Finding the perfect employee for any organization is an important and often painful task.

Employment in human resources has become a much more critical job than it was once thought to be. Human resource professionals have a big task keeping track of rules, regulations, insurance options, safety, personnel training, and a host of other important factors that contribute to making a good employer.

Almost every organization claims to put employees first and most actually do, yet it is easy for an employee to feel that other employers are better. Over time, how employees are treated becomes a strong part of an organization’s culture. Not all people are going to find a particular culture appealing, so when hiring, the human resource professional must attempt to explain to prospective employees what the work culture is like where they would be working.

I was shocked to have an “up and comer” assistant manager resign after the individual learned that overtime was an expected part of a manager’s work week. When agreeing to the position, pay, flexibility and the work in general, everything seemed just great, but 8 a.m. to 5 p.m. was all this person felt a job should require. The management team I worked with asked, “how does this individual ever expect to get ahead in life only working 40 hours?”

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My disappointment with the loss of what I expected to be a key contributor over time was difficult to overcome, but disappointment with a particular individual is far better than learning too late that the individual didn’t fit the role or became a failure.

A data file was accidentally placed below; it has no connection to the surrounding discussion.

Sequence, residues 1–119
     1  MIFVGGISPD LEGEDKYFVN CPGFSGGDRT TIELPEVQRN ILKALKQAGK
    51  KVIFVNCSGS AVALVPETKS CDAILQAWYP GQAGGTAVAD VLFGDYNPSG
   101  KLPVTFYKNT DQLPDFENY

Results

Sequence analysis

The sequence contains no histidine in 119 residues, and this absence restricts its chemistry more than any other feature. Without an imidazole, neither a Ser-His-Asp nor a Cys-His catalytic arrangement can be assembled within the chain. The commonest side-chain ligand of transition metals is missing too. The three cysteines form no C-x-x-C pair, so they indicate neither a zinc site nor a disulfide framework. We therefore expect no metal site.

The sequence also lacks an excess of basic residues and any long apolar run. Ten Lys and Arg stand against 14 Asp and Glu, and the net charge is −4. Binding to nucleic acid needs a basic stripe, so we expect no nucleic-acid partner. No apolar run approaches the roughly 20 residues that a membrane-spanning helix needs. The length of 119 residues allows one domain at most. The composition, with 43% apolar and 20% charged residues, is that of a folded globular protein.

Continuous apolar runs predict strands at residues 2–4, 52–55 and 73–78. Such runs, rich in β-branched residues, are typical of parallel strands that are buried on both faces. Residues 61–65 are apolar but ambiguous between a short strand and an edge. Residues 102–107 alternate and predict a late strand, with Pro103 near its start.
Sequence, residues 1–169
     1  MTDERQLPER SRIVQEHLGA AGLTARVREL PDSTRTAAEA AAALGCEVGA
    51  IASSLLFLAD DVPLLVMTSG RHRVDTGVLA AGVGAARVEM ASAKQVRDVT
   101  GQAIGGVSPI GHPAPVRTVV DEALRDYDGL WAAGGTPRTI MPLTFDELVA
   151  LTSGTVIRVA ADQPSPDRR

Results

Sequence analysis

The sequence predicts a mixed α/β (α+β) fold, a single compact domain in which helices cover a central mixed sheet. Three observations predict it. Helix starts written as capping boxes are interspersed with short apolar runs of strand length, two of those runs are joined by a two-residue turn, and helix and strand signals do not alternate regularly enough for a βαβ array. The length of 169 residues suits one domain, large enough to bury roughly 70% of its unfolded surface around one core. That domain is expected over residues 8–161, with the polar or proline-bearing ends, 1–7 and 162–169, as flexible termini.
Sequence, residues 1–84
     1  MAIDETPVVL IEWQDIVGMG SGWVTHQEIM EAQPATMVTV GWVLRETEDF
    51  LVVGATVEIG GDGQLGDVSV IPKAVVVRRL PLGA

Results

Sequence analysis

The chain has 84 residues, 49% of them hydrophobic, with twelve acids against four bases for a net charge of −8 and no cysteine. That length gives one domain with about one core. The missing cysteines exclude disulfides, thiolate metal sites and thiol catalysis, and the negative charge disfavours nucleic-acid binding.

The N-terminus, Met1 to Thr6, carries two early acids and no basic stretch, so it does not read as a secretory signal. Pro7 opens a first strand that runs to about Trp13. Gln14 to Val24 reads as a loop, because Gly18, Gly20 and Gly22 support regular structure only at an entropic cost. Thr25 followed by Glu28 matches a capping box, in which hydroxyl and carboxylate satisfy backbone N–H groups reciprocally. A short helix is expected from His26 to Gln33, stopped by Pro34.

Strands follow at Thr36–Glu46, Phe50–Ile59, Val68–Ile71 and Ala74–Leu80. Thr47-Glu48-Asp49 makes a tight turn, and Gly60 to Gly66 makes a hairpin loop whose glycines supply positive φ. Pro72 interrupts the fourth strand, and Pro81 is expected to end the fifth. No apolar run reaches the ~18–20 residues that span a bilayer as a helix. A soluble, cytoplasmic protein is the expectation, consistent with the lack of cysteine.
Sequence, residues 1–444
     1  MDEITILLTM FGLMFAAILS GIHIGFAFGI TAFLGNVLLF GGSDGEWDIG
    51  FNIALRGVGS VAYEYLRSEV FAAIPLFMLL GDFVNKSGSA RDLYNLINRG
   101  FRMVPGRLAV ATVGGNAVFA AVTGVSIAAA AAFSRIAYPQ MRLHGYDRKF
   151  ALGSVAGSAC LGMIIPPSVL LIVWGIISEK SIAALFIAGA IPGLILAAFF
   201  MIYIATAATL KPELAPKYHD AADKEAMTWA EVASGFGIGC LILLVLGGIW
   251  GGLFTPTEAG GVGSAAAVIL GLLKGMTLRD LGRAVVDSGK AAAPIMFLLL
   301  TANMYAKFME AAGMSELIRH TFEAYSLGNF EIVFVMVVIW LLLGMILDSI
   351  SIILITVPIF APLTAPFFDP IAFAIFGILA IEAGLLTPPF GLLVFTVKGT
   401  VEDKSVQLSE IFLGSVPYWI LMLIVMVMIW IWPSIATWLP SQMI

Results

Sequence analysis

I observed a young manager who put his faith in a promising employee in his department who let him down tremendously by calling in sick and having personal issues, of which he tried to help with. After the offending employee was discharged for cause, the young manager said, “I’m never going to make that mistake again.”

My reply was “of course you will. You have faith in people and want them to succeed.” This young manager has now grown into a leadership position and has a major impact in the organization he is a part of.

One of the best leaders I ever encountered was ridiculed and discredited by fellow employees on his rise to the top of his organization. The naysayers were quick to try to put down the person in fear of the future under his leadership. Knowing what the jobs actually required, being extremely strong and extraordinarily intelligent, the person rebuffed the attacks and quickly rose to the top. Today, the leader is a key person and with few, if any exceptions, is one of the most respected people involved with the business.

The perfect employee is rare and hard to find, though great employees make the quest worthwhile.